Considerations and Future Perspectives

As with all human studies, interpreting results with caution is required. The majority of cited literature assesses immune responses in healthy individuals and thus their immune system may be working optimally in preventing infection and disease.

Therefore, although at times no effects for exercise are observed this should be expected. Subsequently, when exercise studies are applied to individuals with chronic diseases such as cancer or CVD the results are often positive [9, 112, 113]. Because these individuals are immunocompromised by their disease, exercise often promotes enhancements in function.

We have specifically avoided discussing the interactions of exercise and immune function in those infected with latent viral infections for the following reasons. Immunesenescence is associated with repeated antigenic exposure over time and an exhaustion of immune function [114]. Latent infections with herpes viruses such as CMV and EBV are known to promote clonal expansion of viral specific T-cells. These cells occupy a relatively large immune space compared to uninfected hosts and may contribute to a reduced capacity to deal with novel pathogens. Indeed, in the IRP the presence of CMV and EBV is associated with mortality in the elderly [115]. These viral infections are characterized by an altered phenotype of T-and NK-cells and acute bouts of exercise are known to mobilize cell phenotypes differently in infected versus uninfected [116]. However, the role of CMV and EBV in the pathogenesis of ageing is not clear and its relationship with inflammation and physical function with age is questionable [117, 118]. Thus, the suggested need to remove these viral specific cells via exercise may not be the mechanism by which exercise improves measures of senescence. In fact removal of these cells may increase re-activation of CMV, EBV or their cousin herpes virus varicella-zoster, responsible for shingles in the elderly. Furthermore, CMV specific T-cells have reduced expression of the programmed death-1 receptor (PD-1) [119]. Malignant tumors often express the PD-1 ligand which inhibits T-cell tumor cytotoxicity; therefore removal of CMV specific T-cells may increase the risk of cancer.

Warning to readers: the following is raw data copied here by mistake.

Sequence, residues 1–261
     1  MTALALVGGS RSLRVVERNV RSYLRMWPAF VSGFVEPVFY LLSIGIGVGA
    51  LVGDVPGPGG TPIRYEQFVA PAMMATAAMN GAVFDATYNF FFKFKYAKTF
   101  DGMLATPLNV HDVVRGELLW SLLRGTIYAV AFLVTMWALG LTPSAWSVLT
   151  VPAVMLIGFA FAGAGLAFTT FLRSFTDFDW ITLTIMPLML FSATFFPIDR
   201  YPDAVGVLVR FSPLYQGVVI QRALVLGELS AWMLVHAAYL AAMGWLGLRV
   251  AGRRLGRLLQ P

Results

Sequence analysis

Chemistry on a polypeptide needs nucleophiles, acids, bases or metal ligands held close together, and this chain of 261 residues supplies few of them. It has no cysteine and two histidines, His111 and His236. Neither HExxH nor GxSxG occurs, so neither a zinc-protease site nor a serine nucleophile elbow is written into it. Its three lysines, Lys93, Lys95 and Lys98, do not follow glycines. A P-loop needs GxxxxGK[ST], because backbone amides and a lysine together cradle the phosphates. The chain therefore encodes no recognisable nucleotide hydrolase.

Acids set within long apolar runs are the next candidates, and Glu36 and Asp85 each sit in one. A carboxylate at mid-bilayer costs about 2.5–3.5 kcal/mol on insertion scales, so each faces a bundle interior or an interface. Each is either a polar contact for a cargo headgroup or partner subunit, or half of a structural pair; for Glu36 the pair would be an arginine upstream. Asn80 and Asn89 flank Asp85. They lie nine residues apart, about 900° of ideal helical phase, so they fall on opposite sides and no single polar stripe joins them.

As the immune system of the older adult is dominated by the actions of the myeloid compared to the lymphoid lineage, much more work is needed to determine the role of exercise in modifying viral specific T-cells. Clearly, there will be a number of such cells which are senescent and contribute to poor immunity; however this remains to be determined.

A major limitation of the role exercise and energy balance plays on immune function in the old is the lack of standardized testing protocols, participant populations and low participant numbers. A number of studies have compared interventions of various exercise intensities, modes and durations on health measures such as glucose tolerance, cardiovascular function and physical function [99,120]. With the recent development of the National Institute of Health common fund designed to understand the molecular transducers of exercise perhaps we will have a clearer understanding of how exercise can modify the immune system.

In summary, exercise training and regular physical activity likely promotes an anti-inflammatory and anti-immunesenescence effect. A repeated acute bout of activity increases heart rate and works multiple muscle groups stimulating a mobilization of immune cells into the peripheral blood. Where these cells go and what happens after exercise remains unknown, but this repetitive exercise over time can modify aspects of immunesenescence. Whether these effects are rejuvenating or delay the impact of inflammation and senescence remains to be seen. What is clear is that physical activity and energy balance influence the immune and inflammatory responses reducing the risk of age-associated disease and infection.

 
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